Get Your Yoga On
Just over a fortnight ago, I did something uncharacteristic: I committed to a month of ninety minute yoga classes.
THIRTY days of NINETY minutes of YOGA.
Given that I already had quite enough (one might say more than enough) to fill my time, this decision might legitimately be seen as the act of a crazy person. To confess, I had done yoga before. My experiences, however, had been tinged with the feeling that it wasn’t ‘real’ exercise; more the sort of thing one did after a spin class to stretch oneself out. Friends and I scoffed at the ‘spiritual stuff’ that came alongside it. I used savasana or corpse’s pose to construct ‘To Do’ lists rather than to pay attention to my body or to meditate. In short, I was a yoga cynic. As I set up my mat and blocks for my first class of the challenge, I still wasn’t quite sure what I thought I was doing there…
In reality, it was an act born of desperation. In my working life, stress is de rigeur and, having just moved to an entirely new country in a phase of my career that requires a rather large amount of time, my work-life balance was a tad askew. By askew, I mean, totally and utterly unhinged. Between meeting new people and saying yes to every possible commitment for fear that I would otherwise miss out, the candle was burning rather fiercely at both ends.
Waking frequently in the small hours of the morning, I would alternate between morbidly contemplating the spectre of a future of sleeplessness and wistfully thinking that tomorrow might be better. The former option resulted in the mental cancellation of any physical exercise I had planned for the coming day (obviously I would be too tired). The latter, incongruously, involved the return to my long held fantasy about being the kind of person who ran every day and bent effortlessly into graceful yoga poses, all the while chugging from a water bottle and radiating the sort of healthy glow and zen that makes you think ‘Wow, she has it all figured out.’ This future version of me would magically occur when I had a bit more time. When work was less overwhelming. When I was sleeping better. When my life was a bit more settled. When, in short, I’d finally got this living thing down to a fine art. The process of getting to that point never featured in my fantasy.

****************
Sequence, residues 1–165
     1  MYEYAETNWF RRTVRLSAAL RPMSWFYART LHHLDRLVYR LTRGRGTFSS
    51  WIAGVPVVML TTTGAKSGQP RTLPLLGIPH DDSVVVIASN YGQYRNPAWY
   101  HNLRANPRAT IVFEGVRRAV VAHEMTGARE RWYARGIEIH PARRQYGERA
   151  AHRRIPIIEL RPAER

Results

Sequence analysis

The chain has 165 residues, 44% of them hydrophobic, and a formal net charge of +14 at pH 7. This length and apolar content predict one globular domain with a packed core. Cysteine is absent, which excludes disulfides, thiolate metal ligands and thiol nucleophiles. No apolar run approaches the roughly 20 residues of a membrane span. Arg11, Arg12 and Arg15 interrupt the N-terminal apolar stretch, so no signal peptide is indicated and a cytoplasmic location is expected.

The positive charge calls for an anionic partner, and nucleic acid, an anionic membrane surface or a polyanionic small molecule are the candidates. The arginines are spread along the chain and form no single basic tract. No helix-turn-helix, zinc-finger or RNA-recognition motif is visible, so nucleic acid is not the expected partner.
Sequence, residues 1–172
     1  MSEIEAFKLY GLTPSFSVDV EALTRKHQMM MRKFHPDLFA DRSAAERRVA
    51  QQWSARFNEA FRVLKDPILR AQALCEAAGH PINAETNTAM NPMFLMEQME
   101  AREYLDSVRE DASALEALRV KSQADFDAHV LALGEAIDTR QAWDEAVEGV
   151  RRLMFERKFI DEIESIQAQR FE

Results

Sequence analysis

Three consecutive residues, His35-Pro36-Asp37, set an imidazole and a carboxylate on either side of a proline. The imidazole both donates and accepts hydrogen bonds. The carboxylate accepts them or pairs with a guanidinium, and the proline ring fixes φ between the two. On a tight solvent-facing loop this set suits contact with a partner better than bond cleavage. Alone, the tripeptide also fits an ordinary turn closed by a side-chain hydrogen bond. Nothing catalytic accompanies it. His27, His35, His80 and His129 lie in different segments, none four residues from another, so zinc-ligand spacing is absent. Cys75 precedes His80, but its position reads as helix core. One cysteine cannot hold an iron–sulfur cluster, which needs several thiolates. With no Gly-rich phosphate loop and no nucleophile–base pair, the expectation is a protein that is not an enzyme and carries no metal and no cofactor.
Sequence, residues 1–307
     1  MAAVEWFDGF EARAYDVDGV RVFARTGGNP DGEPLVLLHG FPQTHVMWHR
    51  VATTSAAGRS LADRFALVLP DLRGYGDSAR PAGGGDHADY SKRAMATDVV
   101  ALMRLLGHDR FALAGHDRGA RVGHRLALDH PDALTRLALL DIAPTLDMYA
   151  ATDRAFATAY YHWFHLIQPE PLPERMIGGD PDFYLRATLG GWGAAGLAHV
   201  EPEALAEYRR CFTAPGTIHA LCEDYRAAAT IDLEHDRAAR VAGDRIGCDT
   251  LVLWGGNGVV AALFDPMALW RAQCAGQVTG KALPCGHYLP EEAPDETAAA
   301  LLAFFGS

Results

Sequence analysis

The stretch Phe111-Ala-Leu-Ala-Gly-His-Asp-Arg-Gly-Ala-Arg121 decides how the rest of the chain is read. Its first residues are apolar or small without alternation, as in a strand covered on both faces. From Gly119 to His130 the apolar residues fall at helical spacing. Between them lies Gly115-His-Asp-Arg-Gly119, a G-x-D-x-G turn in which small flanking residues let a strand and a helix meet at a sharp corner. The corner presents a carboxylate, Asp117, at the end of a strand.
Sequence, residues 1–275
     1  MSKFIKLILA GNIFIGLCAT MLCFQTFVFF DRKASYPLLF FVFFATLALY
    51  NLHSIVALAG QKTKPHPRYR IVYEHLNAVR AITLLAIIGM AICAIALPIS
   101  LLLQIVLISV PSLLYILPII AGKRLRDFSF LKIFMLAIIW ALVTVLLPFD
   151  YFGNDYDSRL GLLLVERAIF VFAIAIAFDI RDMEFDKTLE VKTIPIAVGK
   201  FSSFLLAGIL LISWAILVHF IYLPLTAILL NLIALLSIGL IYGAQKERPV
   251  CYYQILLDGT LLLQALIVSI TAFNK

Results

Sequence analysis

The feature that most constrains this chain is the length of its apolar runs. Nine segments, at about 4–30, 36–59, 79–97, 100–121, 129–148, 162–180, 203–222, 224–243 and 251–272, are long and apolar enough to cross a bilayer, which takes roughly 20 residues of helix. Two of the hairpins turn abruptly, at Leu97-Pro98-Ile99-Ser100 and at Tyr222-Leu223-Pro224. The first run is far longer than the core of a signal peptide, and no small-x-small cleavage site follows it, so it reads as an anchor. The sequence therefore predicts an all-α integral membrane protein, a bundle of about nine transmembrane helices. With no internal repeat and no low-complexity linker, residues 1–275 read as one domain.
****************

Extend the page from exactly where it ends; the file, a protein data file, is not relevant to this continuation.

Until one night, fifteen days ago. That night, it dawned on me that work was probably always going to be overwhelming. That I was probably never going to have ‘more’ time and that life was not going to get more settled. Or at least, it was never going to get that way by itself. If I wanted to be this fit, healthy version of me in the future, I was going to have to do something about it now.
So I browsed Yelp. Googled yoga studios. Looked at Pinterest’s array of photographs of lithe, lean yoga practitioners, all captioned with zen, motivational phrases. And promptly signed up for thirty days of yoga and a half marathon. Yep, a half marathon. The thinking being that if I am going to do something, I may as well jump in, boots and all. More on that later..
Fifteen days in, I ache. I yawn. I take longer than the average ninety year old with back problems to climb the stairs. I have come close to tears at least once, during a particularly grueling Bikram session that I thought would never, ever end and which occurred on the same day as a work review.
I’m sleeping through the night (mostly). I have a new awareness of how my body works (even if that awareness is paired with muscle ouch!). I have an excuse to take deliciously hot baths more regularly (again, for the muscle ouch!). All in all, the world seems to be a rosier place. Granted, I still construct ‘To Do’ lists in my mind during savasana but I’m handling my work-life balance in a saner fashion. I even did my first headstand the other day. A feat confirmed, despite my incredulity, by the studio mirror – usually my mortal enemy.
The point is, despite my skepticism, it seems that all those platitudes that people associate with yoga – zen, mindfulness, stretchiness – might actually be true. Done properly, it certainly qualifies as real exercise (again, solid proof lies in my new found muscle friends). The ‘spiritual stuff’ turns out to be about focusing on fully experiencing the moment that you are in and being grateful for it. There’s a lot to be said for that attitude. It might even be the kind of thinking that will help me be that person who has it all figured out. Or maybe not. But I’m halfway to doing something that I fantasised about doing. It’s no longer a ‘someday’ dream. It’s a ‘happening right now’ dream.
So get on your mats people. Get your yoga on.